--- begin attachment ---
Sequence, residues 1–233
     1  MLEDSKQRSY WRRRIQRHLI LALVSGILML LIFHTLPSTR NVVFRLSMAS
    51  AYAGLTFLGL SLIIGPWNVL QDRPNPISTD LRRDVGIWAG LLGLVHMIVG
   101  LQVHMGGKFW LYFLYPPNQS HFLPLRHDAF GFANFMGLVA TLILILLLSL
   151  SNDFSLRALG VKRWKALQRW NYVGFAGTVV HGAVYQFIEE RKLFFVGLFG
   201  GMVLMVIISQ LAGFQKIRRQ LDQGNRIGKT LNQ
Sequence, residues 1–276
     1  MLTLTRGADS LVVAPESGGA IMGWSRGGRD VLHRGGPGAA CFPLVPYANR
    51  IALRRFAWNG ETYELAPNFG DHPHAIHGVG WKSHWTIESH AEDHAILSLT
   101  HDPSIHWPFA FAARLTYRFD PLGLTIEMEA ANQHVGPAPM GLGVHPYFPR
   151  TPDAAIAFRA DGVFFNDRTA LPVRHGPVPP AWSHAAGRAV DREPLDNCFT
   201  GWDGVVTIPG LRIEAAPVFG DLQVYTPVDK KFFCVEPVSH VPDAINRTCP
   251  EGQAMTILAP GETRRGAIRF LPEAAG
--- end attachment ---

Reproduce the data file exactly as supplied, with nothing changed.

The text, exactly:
Sequence, residues 1–233
     1  MLEDSKQRSY WRRRIQRHLI LALVSGILML LIFHTLPSTR NVVFRLSMAS
    51  AYAGLTFLGL SLIIGPWNVL QDRPNPISTD LRRDVGIWAG LLGLVHMIVG
   101  LQVHMGGKFW LYFLYPPNQS HFLPLRHDAF GFANFMGLVA TLILILLLSL
   151  SNDFSLRALG VKRWKALQRW NYVGFAGTVV HGAVYQFIEE RKLFFVGLFG
   201  GMVLMVIISQ LAGFQKIRRQ LDQGNRIGKT LNQ
Sequence, residues 1–276
     1  MLTLTRGADS LVVAPESGGA IMGWSRGGRD VLHRGGPGAA CFPLVPYANR
    51  IALRRFAWNG ETYELAPNFG DHPHAIHGVG WKSHWTIESH AEDHAILSLT
   101  HDPSIHWPFA FAARLTYRFD PLGLTIEMEA ANQHVGPAPM GLGVHPYFPR
   151  TPDAAIAFRA DGVFFNDRTA LPVRHGPVPP AWSHAAGRAV DREPLDNCFT
   201  GWDGVVTIPG LRIEAAPVFG DLQVYTPVDK KFFCVEPVSH VPDAINRTCP
   251  EGQAMTILAP GETRRGAIRF LPEAAG